The Cubs have the best farm system in baseball. The Dodgers, Red Sox and Twins may dispute that, but the Cubs are going to put three players in the Baseball America Top Ten Prospects list this season. Only two other teams, the 2011 Royals (Eric Hosmer, Mike Moustakas and Wil Myers) and the 1994 Blue Jays ( , Carlos Delgado and Jose Silva), have accomplished that feat in the history of that list, which dates back to 1990. Beyond the strength at the top, the Cubs have depth of prospects. It’s likely that they’ll place seven or eight prospects in the BA Top 100. Even the second ten on this list would have made a fine top ten list for the Cubs five years ago.
Of course, I shouldn’t have to remind you that there are no guarantees. Just looking over that Blue Jays list from 1994, there’s one superstar, one decent everyday player and one bust. The Royals list is still a work in progress, but those three players had a combined 0.3 WAR last season. But when you have so many prospects, it seems impossible that several of them won’t end up being quality ballplayers. Indeed, Royals prospects in 2011 who did not make their overall Top Ten included Danny Duffy, Salvador Perez, Tim Collins, Kelvin Herrera and Yordano Ventura. We all know what those players did last season.
Over this week, I am going to present the Bleed Cubbie Blue Top 20 prospects list. Each day I will present five more prospects so that we will get through the list by Thursday. This list is mine and has all of my idiosyncrasies in it.
To be eligible for this list, you have to be eligible to win the 2015 Rookie of the Year Award. So that means having fewer than 130 at-bats, 50 innings pitched and/or 45 days on an active roster. So Javier Baez, Arismendy Alcantara and Kyle Hendricks fall off the list this season.
16. Carson Sands. LHP. 6'3", 195 lbs. DOB: 03/28/95. 4th Round (2014). North Florida Christian HS.
It looks like the Cubs had a really good draft in 2014. Not only did the Cubs get Kyle Schwarber and Jake Stinnett with their first two picks, they got both at a considerable discount off of their slot values. With part of those savings, the Cubs invested $1.1 million in the fourth round on Carson Sands, a Florida high school left-hander.
Sands is still a raw product. Despite being a little older than most high school draftees at 19, scouts still think that Sands has a lot of room to develop. Currently his fastball sits at 90-92, but he's touched higher than that and the thinking is that he can add a few miles an hour onto it as he gets older. His curveball and change are works-in-progress, as you'd expect from any high school pitcher, but both have the potential to be at least average and maybe better than that. He already shows good command for someone his age and he's been praised for his poise and mound presence. Sands definitely has the size and strength to be a starting pitcher. How good a one he's going to be will depend on how much velocity he can add, how much more bite he can get on his curve and how good his change gets.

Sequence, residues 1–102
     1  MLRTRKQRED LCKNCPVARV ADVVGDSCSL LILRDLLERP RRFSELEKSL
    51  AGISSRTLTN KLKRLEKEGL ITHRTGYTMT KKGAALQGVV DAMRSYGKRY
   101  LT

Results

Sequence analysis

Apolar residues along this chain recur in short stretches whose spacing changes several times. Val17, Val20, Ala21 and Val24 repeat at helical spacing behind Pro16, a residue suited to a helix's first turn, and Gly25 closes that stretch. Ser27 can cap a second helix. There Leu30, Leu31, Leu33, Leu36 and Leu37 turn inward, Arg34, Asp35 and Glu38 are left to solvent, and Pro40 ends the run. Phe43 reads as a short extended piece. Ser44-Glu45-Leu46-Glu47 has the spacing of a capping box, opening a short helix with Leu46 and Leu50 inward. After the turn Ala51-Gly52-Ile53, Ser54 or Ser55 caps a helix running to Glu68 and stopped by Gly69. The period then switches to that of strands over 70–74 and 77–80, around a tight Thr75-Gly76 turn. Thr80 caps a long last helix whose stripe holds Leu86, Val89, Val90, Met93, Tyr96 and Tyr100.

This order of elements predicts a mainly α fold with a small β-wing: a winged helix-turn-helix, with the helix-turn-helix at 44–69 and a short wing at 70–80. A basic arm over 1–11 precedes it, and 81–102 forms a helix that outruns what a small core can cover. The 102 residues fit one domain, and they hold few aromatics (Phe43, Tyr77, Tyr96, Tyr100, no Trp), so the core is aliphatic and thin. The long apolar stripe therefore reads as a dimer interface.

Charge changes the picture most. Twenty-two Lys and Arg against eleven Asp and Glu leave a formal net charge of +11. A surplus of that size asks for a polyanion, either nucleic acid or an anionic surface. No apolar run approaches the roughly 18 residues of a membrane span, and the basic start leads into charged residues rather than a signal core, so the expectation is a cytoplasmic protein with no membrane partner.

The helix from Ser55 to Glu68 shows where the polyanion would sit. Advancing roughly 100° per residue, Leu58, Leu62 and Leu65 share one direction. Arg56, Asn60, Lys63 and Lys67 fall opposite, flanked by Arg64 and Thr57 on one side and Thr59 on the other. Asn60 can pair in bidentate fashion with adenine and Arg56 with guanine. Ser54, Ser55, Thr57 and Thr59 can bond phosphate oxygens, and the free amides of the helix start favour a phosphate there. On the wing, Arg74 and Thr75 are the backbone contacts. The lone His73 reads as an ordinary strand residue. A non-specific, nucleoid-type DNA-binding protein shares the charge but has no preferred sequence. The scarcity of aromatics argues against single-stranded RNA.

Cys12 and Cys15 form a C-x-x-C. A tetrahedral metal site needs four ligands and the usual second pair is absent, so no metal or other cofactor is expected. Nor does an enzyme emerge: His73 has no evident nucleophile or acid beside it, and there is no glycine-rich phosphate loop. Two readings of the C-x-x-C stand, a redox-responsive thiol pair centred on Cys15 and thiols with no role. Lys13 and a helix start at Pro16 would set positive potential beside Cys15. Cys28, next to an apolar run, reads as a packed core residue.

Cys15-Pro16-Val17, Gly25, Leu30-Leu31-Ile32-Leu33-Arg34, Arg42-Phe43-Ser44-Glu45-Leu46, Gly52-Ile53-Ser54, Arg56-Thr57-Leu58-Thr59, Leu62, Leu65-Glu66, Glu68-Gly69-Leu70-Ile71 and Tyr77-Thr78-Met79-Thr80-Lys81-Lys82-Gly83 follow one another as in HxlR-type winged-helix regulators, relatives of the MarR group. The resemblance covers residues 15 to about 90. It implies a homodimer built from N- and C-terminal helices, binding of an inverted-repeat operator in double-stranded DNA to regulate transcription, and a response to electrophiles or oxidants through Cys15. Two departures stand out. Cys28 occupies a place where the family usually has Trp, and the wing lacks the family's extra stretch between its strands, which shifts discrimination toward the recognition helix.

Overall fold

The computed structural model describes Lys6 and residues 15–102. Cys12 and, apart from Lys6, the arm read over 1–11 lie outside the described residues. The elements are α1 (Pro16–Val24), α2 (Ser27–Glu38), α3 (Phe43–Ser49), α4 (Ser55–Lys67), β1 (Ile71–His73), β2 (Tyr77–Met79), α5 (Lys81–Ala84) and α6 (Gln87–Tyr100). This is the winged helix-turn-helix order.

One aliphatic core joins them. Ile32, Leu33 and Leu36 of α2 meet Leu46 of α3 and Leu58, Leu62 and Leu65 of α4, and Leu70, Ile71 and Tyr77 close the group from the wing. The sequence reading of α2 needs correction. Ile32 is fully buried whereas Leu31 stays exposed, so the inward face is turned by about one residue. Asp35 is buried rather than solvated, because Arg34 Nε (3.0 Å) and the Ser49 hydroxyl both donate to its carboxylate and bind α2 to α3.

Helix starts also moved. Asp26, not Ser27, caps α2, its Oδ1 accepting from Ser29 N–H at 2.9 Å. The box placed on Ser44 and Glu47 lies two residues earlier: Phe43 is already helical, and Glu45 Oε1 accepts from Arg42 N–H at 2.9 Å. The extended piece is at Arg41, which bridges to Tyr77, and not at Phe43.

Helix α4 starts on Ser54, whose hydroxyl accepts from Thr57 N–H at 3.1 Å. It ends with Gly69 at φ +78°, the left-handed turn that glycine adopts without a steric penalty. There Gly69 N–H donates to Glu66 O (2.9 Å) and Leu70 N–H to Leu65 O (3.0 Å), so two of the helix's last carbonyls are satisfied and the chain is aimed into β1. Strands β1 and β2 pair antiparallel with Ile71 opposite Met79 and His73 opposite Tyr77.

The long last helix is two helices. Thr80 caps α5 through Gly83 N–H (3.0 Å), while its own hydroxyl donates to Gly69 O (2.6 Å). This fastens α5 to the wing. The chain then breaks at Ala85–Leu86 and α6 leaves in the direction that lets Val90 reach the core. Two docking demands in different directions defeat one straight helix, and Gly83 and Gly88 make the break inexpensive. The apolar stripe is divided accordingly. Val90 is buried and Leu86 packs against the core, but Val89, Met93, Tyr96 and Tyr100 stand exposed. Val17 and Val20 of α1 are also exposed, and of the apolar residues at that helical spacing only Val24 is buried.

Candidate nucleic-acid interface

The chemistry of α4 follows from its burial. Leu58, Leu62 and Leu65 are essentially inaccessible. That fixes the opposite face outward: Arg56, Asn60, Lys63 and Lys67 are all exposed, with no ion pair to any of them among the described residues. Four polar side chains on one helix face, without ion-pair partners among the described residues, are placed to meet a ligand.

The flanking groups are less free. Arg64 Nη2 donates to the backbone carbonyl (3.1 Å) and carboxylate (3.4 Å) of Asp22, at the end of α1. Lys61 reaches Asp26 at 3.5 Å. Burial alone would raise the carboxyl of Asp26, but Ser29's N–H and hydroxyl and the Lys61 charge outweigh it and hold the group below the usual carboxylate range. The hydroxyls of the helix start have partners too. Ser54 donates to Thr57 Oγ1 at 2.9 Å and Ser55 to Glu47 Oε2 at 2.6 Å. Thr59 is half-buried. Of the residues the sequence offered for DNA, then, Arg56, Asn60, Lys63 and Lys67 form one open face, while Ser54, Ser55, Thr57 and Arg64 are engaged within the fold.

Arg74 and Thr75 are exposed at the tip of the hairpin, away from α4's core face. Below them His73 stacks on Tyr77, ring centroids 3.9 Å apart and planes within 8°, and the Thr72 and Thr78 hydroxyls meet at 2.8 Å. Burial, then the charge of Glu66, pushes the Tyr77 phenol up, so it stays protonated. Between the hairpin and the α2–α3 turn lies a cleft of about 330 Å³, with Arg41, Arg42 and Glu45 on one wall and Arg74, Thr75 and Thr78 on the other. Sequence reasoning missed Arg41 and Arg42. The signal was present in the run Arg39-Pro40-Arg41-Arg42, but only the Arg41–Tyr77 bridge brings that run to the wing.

Sands only pitched 19 innings last year in Arizona, so right now he'smostly projection. But the Cubs really believed in Sands and made a major investment in him. When he did take the mound, he lived up to the hype. Because of his age and maturity, it wouldn't surprise me to see the Cubs start Sands out in South Bend. But even if they don't, it will be a major disappointment if he doesn't make it to Indiana some time this summer.
17. Bijan Rademacher. OF. 6'0", 200 lbs. DOB: 06/15/91. 13th Round (2012). Orange Coast CC (CA)
Probably no one rose more in the system this past season than Bijan Rademacher. Considered more of a fringe prospect before last season, Rademacher turned in a great season in the tough environment of the Florida State League. hitting .280/.363/.448 with 10 home runs. Rademacher's .811 OPS was second in the league, behind only Dwight Smith, Jr.
Rademacher was a two-way player out of Orange Coast Community College when the Cubs drafted him in 2012, and most teams looking at him wanted to make him a pitcher. But the Cubs liked his potential as a outfielder and let him loose. He did well enough in Kane County in 2013 to earn a midseason promotion to Daytona. But it was really this past season that he finally seemed to blossom as a hitter. Perhaps the most promising sign for Rademacher was the development of his power as the season went on. Seven of the ten home runs he hit this season were in the final two months of the season. Also before this season, Rademacher was pretty helpless against left-handed pitching, but in 2014 he was actually better against lefties than right-handed pitching. He hit four of his ten home runs against left handers in fewer than half as many plate appearances.